How does all this apply to that traditional bête-noir: using the right fork? I suggest that the signal one sends by using the right fork at a formal dinner is that one is able and willing to join in the ethos—the interests, concerns, and styles of interaction—typical of people who inhabit a milieu characterized by that level of formality, even if one does not actually share the ethos. Such a signal, in turn, provides one's dinner companions with a useful piece of information, namely, "He is one of us, or at least he is able and willing to get along with us." Of course, it may happen that a person does not wish to join in the ethos of his dinner companions or even put up with it. But if a person desires to be accepted as at least a temporary participant in a certain subculture, where a certain level of formality symbolizes numerous other attitudes, it is illogical for him to rail against learning those outward and visible signs by which a subculture signifies its inward and invisible attitudes.

Indeed, learning manners superior to one's station was once considered an obvious way of signaling that one was preparing to rise in the world. The heroes of Horatio Alger, for instance, were not in general young men who rose by their own exertions; they were young men who ha made themselves ready to be noticed. Learning good manners symbolized their less obvious efforts. Historian John Kasson quotes an 1879 work on etiquette as proclaiming: "A good manner is the best letter of recommendation." And Kasson adds, "Especially for young men, manners were to be regarded as social capital" (John F. Kasson, Rudeness and Civility: Manners in Nineteenth-Century Urban America. New York: Hill and Wang [1990], 69. The work he quotes is John H. Young's Our Deportment.).


Another aspect of self-presentation is personal demeanor, the general way in which a person comports himself. Although demeanor was formerly a principal subject of books on manners, it is now little discussed. As a result, the average person probably gives little consideration to the possibility of having a characteristic demeanor. Most likely, he expects it to flow spontaneously from his basic values, much as emotional expressions flow from intense feelings. But there is no reason to think that demeanor arises in that fashion. Indeed, it is only too likely that people will let transient emotions overshadow demeanor, rather than bringing transient emotions into line with demeanor.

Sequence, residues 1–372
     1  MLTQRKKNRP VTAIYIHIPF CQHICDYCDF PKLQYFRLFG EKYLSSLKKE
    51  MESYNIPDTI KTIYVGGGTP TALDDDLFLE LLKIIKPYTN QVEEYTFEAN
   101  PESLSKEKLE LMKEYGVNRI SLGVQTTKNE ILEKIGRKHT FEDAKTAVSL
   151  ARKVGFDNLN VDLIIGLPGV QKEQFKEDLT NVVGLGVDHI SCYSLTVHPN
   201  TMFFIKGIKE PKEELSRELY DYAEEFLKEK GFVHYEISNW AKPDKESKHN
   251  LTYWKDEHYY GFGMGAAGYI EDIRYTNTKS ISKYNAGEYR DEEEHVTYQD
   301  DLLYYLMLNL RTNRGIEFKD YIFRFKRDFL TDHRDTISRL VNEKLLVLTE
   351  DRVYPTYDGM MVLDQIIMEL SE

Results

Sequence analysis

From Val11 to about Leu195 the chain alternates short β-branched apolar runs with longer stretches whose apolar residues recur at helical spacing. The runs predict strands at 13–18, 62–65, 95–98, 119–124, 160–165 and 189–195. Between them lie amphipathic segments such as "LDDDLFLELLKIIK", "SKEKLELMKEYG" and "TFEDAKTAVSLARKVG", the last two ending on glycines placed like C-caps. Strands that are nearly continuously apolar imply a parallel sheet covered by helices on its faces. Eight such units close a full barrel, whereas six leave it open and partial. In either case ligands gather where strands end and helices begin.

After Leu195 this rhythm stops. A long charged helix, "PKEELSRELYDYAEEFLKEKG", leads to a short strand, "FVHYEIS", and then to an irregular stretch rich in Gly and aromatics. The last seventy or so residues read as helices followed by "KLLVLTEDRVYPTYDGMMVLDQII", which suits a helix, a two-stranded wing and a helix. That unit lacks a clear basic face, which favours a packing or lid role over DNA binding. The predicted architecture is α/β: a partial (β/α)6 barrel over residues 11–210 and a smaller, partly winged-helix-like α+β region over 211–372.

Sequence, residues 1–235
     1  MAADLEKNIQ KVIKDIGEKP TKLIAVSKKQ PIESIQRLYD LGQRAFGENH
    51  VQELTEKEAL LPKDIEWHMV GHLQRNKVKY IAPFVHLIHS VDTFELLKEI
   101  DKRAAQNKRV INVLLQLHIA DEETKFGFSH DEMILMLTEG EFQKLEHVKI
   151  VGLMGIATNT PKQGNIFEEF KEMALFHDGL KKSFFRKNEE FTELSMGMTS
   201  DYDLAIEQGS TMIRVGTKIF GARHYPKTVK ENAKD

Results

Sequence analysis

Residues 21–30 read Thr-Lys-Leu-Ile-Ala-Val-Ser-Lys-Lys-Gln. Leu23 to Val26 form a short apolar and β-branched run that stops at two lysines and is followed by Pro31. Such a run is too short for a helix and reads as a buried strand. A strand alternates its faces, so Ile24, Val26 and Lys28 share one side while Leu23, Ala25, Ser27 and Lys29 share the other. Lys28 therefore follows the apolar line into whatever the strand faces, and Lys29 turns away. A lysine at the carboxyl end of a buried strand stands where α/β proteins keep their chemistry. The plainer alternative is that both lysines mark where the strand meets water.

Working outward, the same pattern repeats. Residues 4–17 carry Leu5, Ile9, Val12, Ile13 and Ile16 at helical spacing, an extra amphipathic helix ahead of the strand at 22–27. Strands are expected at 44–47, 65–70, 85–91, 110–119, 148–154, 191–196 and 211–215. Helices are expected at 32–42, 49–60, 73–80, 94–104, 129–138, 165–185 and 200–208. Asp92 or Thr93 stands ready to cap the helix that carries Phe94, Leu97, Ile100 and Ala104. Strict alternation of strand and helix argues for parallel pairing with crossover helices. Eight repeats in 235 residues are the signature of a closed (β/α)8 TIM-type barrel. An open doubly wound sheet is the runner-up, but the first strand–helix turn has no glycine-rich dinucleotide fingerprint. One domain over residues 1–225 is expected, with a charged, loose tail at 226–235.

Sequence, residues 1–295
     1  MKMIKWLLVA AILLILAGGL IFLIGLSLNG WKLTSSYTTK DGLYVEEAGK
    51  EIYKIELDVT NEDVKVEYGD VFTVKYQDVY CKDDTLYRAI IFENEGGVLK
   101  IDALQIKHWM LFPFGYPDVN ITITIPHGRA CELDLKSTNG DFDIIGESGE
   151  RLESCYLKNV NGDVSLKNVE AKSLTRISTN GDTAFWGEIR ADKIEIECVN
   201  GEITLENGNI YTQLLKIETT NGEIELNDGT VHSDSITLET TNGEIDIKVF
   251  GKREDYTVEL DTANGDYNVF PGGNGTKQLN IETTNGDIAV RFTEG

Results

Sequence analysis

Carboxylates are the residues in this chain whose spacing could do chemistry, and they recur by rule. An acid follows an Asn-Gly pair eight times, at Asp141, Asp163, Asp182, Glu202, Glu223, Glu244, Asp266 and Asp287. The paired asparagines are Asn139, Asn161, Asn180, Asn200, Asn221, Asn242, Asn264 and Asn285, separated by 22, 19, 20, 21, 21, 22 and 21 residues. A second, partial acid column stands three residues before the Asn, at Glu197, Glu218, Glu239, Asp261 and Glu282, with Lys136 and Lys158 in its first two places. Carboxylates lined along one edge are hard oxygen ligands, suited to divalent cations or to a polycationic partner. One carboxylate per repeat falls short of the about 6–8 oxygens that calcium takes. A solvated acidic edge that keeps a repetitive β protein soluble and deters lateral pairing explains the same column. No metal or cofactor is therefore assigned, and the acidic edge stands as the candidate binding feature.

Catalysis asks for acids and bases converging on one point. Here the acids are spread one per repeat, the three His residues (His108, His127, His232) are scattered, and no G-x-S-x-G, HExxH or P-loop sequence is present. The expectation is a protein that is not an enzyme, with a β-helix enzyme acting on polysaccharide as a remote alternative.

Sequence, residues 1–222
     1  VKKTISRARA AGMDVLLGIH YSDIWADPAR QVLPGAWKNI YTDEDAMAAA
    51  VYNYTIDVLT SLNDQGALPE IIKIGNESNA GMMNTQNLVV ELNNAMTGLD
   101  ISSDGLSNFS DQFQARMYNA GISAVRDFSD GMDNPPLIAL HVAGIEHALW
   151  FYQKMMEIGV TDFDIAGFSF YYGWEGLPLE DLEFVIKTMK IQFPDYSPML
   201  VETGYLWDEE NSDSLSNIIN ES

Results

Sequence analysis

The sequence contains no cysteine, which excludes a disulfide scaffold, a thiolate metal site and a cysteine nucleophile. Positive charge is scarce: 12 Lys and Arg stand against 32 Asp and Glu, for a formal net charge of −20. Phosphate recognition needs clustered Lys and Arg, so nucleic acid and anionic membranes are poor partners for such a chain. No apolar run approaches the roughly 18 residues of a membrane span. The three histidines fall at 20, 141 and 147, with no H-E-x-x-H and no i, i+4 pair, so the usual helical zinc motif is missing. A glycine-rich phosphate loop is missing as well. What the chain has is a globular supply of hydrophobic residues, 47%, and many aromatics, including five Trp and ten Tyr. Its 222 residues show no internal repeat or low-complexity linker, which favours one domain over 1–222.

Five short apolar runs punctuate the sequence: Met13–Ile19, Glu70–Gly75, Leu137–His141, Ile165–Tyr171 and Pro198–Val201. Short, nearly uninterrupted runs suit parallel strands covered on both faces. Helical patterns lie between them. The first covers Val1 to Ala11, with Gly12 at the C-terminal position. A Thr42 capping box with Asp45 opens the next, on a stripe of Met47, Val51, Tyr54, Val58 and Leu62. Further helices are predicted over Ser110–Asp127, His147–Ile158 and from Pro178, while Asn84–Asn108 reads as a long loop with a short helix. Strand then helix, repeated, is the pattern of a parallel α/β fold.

In order to preserve his stately demeanor, Washington admonished himself to "use no reproachful language against any one, neither curse nor revile" (Precepts, Rule 49). And Brookhiser writes,

The measure of Washington's success, despite his lapses, is that we have forgotten he had a problem [with his anger]. We look at Stuart's glacial image, and a dozen other composed and almost emotionless portraits, from the face on Mount Rushmore to the bust on the quarter, and we assume that that's just the way Washington was. His contemporaries knew better; they saw the composure as an end product, the result of early training and continuous effort. (Precepts, 16)

The value of choosing one's demeanor derives, again, from the purpose of making oneself visible to value prospectors. But to serve that purpose, a well-crafted demeanor must express one's fundamental sense of one's life in relation to reality and to other people. And accomplishing that has two aspects—one cognitive and one behavioral. Both are important.

The first task for a person setting out to craft a demeanor is to discover what his fundamental self is, and that, of course, is not a matter of manners; it is a matter of inquiry and reasoning. If a person fails to introspect honestly, he is likely to replace the truth about himself with a view that he wishes were correct. And in that case, his demeanor will be superficial and dishonest. (Of course, if a person fails to introspect honestly about his character, he is going to have so many psychological problems, and of such severity, that a false demeanor will be the least of his worries.)

The second task is no less difficult and it is also not a matter of manners. Knowing oneself does not ensure that one will correctly manifest that self outwardly, and certainly not that one will manifest in a convincing and attractive way. After a person has chosen the demeanor most suited to himself, he must practice it relentlessly, until it becomes second nature. Only in that way will it be expressed automatically and authentically.

But if the preceding two steps of enacting a demeanor are not purely matters for manners, nevertheless manners do enter into the question. For whether or not it is true that certain looks and bearings express specific values in all or most cultures, it is certainly true that certain looks and bearings convey identifiable values within a given culture. No one, in Western culture, will interpret the demeanor of Queen Elizabeth II as expressing a devil-may-care spontaneity. And no one, in Western culture, will interpret the demeanor of Jesse Ventura as expressing cautious circumspection.